“The window is closing more and more as each day goes by,” he added.
Sears, the Franklin Township supervisor, argued that because federal law instructs local governments on how they can use the stimulus funds, “it’s just not worth the hassle.”
Local governments can spend their fiscal recovery funds across several categories: Public health, including vaccination programs; economic recovery programs for business or residents impacted by the pandemic; bonus pay for essential workers and water, sewer or broadband infrastructure.
Governments can also use the federal funding to make up for any revenue they lost because of the COVID-19 pandemic, including growth they had expected but did not realize.
That “broad flexibility” means at least some of the money can be spent on most current government services, such as police or fire, roads or parks, according to the Michigan Townships Association, which advised local officials to apply and worked with the state Treasury to contact them.
But “these decisions are up to each individual township board, who make the determination on behalf of their community,” executive director Neil Sheridan said in a statement provided to Bridge Michigan.
“We encouraged and assisted all interested townships, and more than 98 percent of our 1,240 townships have accepted the funds and will put the relief dollars to use in their communities.”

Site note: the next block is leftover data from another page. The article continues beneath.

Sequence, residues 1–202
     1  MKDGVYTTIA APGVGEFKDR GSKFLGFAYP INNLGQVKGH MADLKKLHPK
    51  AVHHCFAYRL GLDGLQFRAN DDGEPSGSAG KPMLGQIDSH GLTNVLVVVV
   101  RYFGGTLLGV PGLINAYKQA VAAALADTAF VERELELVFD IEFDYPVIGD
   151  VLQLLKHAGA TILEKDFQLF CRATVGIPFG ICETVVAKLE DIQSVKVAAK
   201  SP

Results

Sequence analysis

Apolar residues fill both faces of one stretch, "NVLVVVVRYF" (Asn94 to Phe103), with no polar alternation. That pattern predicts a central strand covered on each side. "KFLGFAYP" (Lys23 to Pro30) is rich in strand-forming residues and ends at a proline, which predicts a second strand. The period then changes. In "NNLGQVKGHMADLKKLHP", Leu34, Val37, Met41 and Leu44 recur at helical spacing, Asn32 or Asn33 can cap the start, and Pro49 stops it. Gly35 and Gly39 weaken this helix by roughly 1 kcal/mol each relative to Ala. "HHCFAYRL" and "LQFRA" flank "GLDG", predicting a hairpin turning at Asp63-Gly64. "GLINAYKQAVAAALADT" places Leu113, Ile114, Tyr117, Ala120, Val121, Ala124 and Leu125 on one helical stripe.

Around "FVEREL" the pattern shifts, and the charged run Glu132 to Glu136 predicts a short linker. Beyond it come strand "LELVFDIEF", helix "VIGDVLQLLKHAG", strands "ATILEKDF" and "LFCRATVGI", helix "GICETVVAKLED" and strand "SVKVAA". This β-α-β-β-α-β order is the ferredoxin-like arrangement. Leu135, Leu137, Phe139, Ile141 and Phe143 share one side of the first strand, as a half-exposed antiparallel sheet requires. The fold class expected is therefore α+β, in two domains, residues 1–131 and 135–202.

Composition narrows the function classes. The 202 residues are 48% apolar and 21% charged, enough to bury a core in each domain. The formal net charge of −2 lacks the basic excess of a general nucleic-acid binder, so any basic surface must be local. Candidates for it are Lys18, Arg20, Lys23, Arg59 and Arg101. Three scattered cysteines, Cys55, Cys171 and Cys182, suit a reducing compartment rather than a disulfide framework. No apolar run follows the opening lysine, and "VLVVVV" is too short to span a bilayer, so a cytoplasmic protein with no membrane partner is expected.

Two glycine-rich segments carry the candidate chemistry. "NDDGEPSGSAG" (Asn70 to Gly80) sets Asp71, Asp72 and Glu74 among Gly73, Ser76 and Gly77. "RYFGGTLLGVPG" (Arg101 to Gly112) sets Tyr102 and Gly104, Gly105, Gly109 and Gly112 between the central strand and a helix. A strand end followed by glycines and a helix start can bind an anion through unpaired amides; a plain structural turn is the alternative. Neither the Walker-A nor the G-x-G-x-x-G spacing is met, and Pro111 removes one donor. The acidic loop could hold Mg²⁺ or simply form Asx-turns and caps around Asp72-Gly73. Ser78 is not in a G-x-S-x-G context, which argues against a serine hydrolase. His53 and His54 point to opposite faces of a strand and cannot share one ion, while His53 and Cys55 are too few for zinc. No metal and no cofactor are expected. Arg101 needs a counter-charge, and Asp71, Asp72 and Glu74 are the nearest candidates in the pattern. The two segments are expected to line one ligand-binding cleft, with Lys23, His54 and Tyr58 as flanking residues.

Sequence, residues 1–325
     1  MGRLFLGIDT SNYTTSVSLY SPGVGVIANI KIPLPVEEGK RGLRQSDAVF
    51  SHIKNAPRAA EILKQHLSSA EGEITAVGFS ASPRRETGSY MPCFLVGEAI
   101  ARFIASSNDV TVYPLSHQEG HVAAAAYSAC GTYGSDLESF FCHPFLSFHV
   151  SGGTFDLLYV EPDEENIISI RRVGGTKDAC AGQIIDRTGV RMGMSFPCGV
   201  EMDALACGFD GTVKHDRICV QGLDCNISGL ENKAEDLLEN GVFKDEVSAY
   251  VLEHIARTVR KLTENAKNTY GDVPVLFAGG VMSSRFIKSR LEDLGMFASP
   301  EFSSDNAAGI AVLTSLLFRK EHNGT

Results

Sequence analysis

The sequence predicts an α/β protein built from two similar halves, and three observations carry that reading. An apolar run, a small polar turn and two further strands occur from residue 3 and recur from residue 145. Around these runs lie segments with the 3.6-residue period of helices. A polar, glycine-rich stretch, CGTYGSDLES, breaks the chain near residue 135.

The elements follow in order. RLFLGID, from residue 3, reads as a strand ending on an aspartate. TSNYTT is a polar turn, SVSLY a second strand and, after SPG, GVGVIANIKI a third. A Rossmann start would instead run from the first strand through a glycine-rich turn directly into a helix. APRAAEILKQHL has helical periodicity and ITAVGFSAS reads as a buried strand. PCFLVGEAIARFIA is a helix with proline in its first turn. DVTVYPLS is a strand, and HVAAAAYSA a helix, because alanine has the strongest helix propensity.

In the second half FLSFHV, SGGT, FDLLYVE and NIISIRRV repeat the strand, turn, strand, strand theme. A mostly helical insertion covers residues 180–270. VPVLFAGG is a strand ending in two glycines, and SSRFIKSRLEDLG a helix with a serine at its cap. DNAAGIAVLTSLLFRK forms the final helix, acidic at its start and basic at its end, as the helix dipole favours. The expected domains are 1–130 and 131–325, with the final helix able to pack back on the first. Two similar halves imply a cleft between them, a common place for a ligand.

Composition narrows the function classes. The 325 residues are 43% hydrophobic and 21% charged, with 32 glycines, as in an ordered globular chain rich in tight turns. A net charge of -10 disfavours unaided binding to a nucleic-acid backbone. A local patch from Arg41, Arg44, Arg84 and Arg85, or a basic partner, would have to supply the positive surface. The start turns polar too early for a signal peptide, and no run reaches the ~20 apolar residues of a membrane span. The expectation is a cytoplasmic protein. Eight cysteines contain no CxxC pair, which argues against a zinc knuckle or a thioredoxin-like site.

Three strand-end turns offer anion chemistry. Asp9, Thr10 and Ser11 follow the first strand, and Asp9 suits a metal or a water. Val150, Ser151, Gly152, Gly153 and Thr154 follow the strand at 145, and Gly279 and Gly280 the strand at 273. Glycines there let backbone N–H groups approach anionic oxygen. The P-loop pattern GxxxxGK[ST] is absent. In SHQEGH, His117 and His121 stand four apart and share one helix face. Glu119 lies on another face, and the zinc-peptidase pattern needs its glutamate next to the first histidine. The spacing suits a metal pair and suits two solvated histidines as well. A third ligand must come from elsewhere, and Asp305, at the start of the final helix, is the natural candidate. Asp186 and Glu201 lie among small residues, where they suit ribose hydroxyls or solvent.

In signing the federal stimulus law this spring, Biden described it as an effort to rebuild “the backbone” of a country whose economy had been rocked by the COVID-19 pandemic.
But the pandemic had very little effect on the Franklin Township government, according to Sears, the local supervisor who also leads the Houghton County Constitution Party, which advocates limited government.
She acknowledged COVID-19 impacted local businesses and residents “somewhat” — but probably not as much as larger cities.
“You have to remember: the average income around here is only $30,000 or less,” she said, explaining the township’s decision to reject federal stimulus funds.